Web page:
A British hardcore’s favourite since he turned pro, Campbell flew under the radar of fellow medalist Joshua. But two things seemed to hinder his development. Firstly, his career was too strongly focussed for too long a time on a Hellacious Hull Showdown with Tommy Coyle, a sub-British-level fighter who Campbell should, and probably would, have been handling in the first few fights of his pro career.
The second issue was unfortunate family circumstances meaning Campbell was unable to commit fully to his boxing career for a period of time. These problems came to fruition when Campbell lost in December to Yvan Mendy, a bad setback considering Campbell’s career aspirations. Perhaps Campbell does not have quite enough punching power for world level, but he is a wonderfully classy operator, and his next fight against Argenis Mendez should tell us a lot about what he has taken on board since the Mendy loss.
- Zou Shiming 8-1 (2 KOs) – Light Flyweight Gold Medalist
Shiming was to ignite the explosion of the untapped Asian boxing market, with Bob Arum claiming a billion people would watch his debut. But the man who won his first Olympic medal in 2004 seems to have turned over too late in life to adapt to the new style, and lost clearly to fellow flyweight Amnat Ruenroeng. Anyone who has watched Shiming fight would agree that the less said about him the better. His best contribution in my opinion was his debut kickstarting a series of international fights in Macau, a few of which have been at good times for British viewers on a Saturday lunchtime. But if Asia is looking for their next star to come out of Rio, boxers that are past their prime and cannot punch would not be my starting suggestions.
- Ryota Murata 10-0 (7 KOs) – Middleweight Gold Medalist
Murata has won all his fights and won them well, but none of his 10 professional fights have been against anyone approaching world level. He is already 30 years old, so his slow development suggests Top Rank’s lack of belief in his talents. Unlike others on this list such as Usyk and Campbell, Murata’s next fight will not tell us anything new. He takes on the MC’s dream George Tahdooahnippah on the undercard of Terence Crawford-Viktor Postol. Time will prove whether Murata and/or Top Rank have the ambition to push on with his career, evidence thus far suggests they do not.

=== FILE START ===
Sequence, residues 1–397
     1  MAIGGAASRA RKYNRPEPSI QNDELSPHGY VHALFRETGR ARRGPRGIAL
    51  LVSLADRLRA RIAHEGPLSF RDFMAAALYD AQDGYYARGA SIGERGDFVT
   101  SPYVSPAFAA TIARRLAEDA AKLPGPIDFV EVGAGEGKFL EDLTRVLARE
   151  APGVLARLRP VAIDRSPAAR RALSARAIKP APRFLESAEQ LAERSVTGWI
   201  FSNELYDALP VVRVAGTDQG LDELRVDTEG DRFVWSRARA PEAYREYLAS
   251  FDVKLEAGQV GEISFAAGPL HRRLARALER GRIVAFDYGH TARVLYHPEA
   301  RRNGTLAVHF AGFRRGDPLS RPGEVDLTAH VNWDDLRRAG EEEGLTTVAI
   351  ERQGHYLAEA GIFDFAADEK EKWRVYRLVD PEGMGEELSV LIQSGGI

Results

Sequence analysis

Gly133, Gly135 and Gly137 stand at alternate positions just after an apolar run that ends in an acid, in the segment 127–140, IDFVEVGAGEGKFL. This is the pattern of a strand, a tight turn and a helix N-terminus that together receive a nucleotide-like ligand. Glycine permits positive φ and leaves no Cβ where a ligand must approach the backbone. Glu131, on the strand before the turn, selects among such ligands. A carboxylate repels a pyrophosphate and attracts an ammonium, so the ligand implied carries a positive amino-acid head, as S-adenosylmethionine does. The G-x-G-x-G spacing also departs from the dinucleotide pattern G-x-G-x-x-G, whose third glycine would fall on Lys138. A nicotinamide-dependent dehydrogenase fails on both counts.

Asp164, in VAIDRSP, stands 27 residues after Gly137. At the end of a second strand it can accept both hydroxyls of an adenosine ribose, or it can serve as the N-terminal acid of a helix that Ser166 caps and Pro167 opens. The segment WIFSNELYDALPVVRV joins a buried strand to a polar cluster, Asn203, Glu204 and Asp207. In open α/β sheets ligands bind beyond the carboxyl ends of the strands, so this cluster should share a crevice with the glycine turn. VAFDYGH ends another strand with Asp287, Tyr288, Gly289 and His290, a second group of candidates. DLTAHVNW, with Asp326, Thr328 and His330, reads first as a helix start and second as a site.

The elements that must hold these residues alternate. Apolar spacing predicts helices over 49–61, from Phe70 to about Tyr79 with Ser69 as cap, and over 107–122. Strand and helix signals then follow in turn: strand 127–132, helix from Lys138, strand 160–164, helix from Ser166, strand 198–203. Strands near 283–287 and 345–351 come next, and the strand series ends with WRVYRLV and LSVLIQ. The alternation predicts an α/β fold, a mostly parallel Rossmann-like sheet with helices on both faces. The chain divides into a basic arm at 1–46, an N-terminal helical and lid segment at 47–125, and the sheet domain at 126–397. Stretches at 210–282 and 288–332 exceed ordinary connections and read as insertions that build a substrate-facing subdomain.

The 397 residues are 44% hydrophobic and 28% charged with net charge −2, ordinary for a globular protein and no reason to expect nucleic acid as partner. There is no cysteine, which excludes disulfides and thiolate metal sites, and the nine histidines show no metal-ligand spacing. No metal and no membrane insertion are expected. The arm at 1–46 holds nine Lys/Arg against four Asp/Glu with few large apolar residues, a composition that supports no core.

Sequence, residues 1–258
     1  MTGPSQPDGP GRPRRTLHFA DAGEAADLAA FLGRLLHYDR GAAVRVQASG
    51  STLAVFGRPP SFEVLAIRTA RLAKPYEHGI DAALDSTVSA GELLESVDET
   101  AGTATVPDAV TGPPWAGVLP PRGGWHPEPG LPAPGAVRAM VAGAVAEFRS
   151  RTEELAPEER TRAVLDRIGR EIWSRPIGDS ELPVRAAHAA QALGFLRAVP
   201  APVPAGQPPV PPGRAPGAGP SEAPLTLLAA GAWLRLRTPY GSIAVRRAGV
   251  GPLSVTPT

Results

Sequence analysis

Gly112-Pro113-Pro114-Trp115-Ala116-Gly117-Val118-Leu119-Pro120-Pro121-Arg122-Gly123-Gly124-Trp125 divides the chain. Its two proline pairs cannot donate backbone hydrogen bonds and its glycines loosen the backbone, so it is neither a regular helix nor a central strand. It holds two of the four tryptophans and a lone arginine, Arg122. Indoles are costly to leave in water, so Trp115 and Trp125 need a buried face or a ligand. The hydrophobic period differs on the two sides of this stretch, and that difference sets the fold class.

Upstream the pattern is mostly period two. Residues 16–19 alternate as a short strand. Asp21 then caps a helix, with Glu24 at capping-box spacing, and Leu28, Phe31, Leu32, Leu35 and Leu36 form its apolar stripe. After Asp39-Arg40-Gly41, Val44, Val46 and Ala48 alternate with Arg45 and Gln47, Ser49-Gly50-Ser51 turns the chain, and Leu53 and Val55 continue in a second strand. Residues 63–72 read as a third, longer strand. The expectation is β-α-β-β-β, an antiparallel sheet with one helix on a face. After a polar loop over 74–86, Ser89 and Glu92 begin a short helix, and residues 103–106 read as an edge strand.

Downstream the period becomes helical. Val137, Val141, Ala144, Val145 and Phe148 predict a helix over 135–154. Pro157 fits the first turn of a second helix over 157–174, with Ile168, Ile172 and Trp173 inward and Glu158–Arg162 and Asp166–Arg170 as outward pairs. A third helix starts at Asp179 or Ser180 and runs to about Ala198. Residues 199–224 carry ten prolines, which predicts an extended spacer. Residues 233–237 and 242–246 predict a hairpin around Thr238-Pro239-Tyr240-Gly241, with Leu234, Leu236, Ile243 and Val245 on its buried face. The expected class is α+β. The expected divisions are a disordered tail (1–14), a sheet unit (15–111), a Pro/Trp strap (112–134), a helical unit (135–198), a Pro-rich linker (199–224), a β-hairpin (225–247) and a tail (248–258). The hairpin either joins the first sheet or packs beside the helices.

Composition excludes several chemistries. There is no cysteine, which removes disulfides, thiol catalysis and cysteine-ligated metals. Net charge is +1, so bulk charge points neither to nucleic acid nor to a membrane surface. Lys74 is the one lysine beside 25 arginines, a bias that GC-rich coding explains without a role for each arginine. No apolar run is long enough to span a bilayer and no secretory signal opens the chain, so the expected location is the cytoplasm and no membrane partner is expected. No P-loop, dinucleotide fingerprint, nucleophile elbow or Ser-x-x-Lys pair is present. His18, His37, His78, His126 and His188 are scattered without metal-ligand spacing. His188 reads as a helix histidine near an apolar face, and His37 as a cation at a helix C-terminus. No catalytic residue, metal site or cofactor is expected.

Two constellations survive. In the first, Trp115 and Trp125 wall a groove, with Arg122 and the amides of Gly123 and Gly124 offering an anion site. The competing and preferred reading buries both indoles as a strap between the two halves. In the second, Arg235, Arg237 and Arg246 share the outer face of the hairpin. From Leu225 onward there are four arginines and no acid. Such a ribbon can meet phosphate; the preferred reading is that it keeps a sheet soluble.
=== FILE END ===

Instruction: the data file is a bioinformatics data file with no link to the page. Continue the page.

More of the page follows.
- Egor Mekhontsev 12-0 (8 KOs) – Light Heavyweight Gold Medalist
Bartlomiej Grafka, Egor Mekhontsev and Bronislav Kubin. Two of these names are Paul Smith’s most recent opponents, the other is an London gold medalist. Before reading this list could you honestly pick which was which? Top Rank has even spelled Mekhontsev’s name wrong on their website. His lack of notoriety may come from the fact that he has fought nobody of note and is still fighting eight-rounders four years on from Olympic gold. I don’t really know what there is to split Murata and Mekhontsev at this stage of their careers, and anyone who can be bothered to find out earns my respect. Their careers both seem destined to fade away into either early retirement, or the point where they become an opponent and their hard-won Olympic silverware is simply used as a marketing tool.
(LAS VEGAS: Vasyl Lomachenko prepares for his fight against Romulo Koasicha at the Thomas & Mack Center on November 7, 2015a; Photo by Steve Marcus/Getty Images)